The purpose of this study was to examine the prevalence of pregnancy as well as multi-level factors (i.e., individual, family, and environment) associated with history of pregnancy among a sample of urban adolescent women seeking psychological services. Data were collected from a total of 264 sexually active, 13–18-year-old, adolescent women who participated in a larger HIV prevention study. Adolescents and one participating parent completed an audio computer-assisted self-interviewing survey. A total of 17.4 % of participants reported a history of pregnancy. A multivariable logistic regression model suggests that after controlling for empirically derived sociodemographic and behavioral covariates, absence of father in the home, family support and cohesion, and neighborhood risk were positively related to pregnancy. This study is among the first to examine multi-level factors associated with pregnancy among adolescent women diagnosed with psychological disorders. Consideration of such factors is crucial both in terms of clinical practice and in the design of pregnancy prevention programs. Collaboration between physicians and mental health providers working with adolescent women is crucial and represents an ideal opportunity to promote parental involvement and access to supportive community resources, including pregnancy prevention programs for this vulnerable population of adolescents.
doi:10.1007/s11524-012-9768-5
PMCID: PMC3675714  PMID: 23054473
Adolescent pregnancy; Psychological disorders; Family dynamics; Neighborhood environment
6.  Adherence to Chronic Disease Medications among New York City Medicaid Participants 
Medication adherence is critical for cardiovascular disease prevention and control. Local health departments are well positioned to address adherence issues, however relevant baseline data and a mechanism for monitoring impact of interventions are lacking. We performed a retrospective analysis using New York State Medicaid claims from 2008 to 2009 to describe rates and predictors of adherence among New York City Medicaid participants with dyslipidemia, diabetes, or hypertension. Adherence was measured using the medication possession ratio, and multivariable logistic regression was used to assess factors related to adherence. Medication regimen adherence was 63%. Greater adherence was observed in those who were older, male, and taking medications from ≥3 drug classes. Compared with whites, blacks and Hispanics were less likely to be adherent (adjusted odds ratio [OR]=0.67, 95% confidence interval [CI]: 0.65–0.70 and adjusted OR=0.76, 95% CI: 0.73–0.78, respectively), while Asians were as likely. Medication adherence was inadequate and racial disparities were identified in NYC Medicaid participants on stable medication regimens for chronic disease. This study demonstrates a claims-based model that may be used by local health departments to monitor and evaluate efforts to improve adherence and reduce disparities.
doi:10.1007/s11524-012-9724-4
PMCID: PMC3675715  PMID: 22722919
Medication adherence; Health disparities; Cardiovascular prevention; Public health
7.  The Concrete Jungle: City Stress and Substance Abuse among Young Adult African American Men 
Substance use is prevalent among African American men living in urban communities. The impact of substance use on the social, psychological, and physical health of African American men has important public health implications for families, communities, and society. Given the adverse consequences of alcohol and drug abuse within communities of color, this study evaluated the relationship between city stress, alcohol consumption, and drug use among African American men. Eighty heterosexual, African American men, 18 to 29 years old, completed psychosocial risk assessments that assessed substance use and city stress. Multiple logistic regression analyses, controlling for age, indicated that participants reporting high levels of urban stress, relative to low levels of urban stress, were more likely to report a history of marijuana use (AOR = 5.19, p = .05), history of ecstasy and/or GHB use (AOR = 3.34, p = .04), having family/friends expressing strong concerns about their illicit drug use (AOR = 4.06, p = .02), and being unable to remember what happened the night before due to drinking (AOR = 4.98, p = .01). African American men living within the confines of a stressful urban environment are at increased risk for exposure to and utilization of illicit substances. Culturally competent public health interventions for substance use/abuse should address psychological factors, such as stress and neighborhood violence.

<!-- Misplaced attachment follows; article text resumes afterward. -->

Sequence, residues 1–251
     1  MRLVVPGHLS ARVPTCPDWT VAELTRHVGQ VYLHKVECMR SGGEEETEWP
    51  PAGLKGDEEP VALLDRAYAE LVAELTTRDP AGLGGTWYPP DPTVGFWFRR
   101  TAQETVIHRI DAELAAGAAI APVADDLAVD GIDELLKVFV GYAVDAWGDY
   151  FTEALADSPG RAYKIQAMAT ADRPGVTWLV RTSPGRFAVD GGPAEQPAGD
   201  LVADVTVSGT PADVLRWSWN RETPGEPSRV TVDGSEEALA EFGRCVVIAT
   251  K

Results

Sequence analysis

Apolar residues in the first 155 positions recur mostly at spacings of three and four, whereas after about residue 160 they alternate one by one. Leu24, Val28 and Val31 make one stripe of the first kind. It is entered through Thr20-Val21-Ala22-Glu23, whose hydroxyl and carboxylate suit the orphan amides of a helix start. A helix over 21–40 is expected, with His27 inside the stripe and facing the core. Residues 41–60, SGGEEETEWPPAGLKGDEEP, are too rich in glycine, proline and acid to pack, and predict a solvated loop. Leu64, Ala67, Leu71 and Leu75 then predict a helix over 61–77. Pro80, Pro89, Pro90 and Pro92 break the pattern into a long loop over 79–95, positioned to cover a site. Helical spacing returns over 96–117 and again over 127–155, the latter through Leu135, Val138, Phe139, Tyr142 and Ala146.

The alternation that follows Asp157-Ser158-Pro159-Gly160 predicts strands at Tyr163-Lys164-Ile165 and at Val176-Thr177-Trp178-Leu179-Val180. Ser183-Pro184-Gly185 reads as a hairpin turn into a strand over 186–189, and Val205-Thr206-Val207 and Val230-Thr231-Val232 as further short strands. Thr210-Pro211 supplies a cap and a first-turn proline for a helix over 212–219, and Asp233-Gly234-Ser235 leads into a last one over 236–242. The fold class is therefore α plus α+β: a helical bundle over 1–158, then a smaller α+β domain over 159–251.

doi:10.1007/s11524-012-9716-4
PMCID: PMC3675716  PMID: 22739803
City stress; Neighborhood; Substance use; African American; Men
8.  Experiences of Racial Discrimination and Relation to Sexual Risk for HIV among a Sample of Urban Black and African American Men 
This study aimed to examine racial discrimination and relation to sexual risk for HIV among a sample of urban Black and African American men. Participants of this cross-sectional study were Black and African American men (N = 703) between the ages of 18 and 65 years, recruited from four urban clinical sites in the northeast. Multivariate logistic regression models were used to analyze the relation of reported racial discrimination to the following: (1) sex trade involvement, (2) recent unprotected sex, and (3) reporting a number of sex partners in the past 12 months greater than the sample average. The majority of the sample (96 %) reported racial discrimination. In adjusted analyses, men reporting high levels of discrimination were significantly more likely to report recent sex trade involvement (buying and/or selling) (adjusted odds ratio (AOR) range = 1.7–2.3), having recent unprotected vaginal sex with a female partner (AOR = 1.4, 95 % confidence interval (CI), 1.1–2.0), and reporting more than four sex partners in the past year (AOR = 1.4, 95 % CI, 1.1–1.9). Findings highlight the link between experiences of racial discrimination and men's sexual risk for HIV.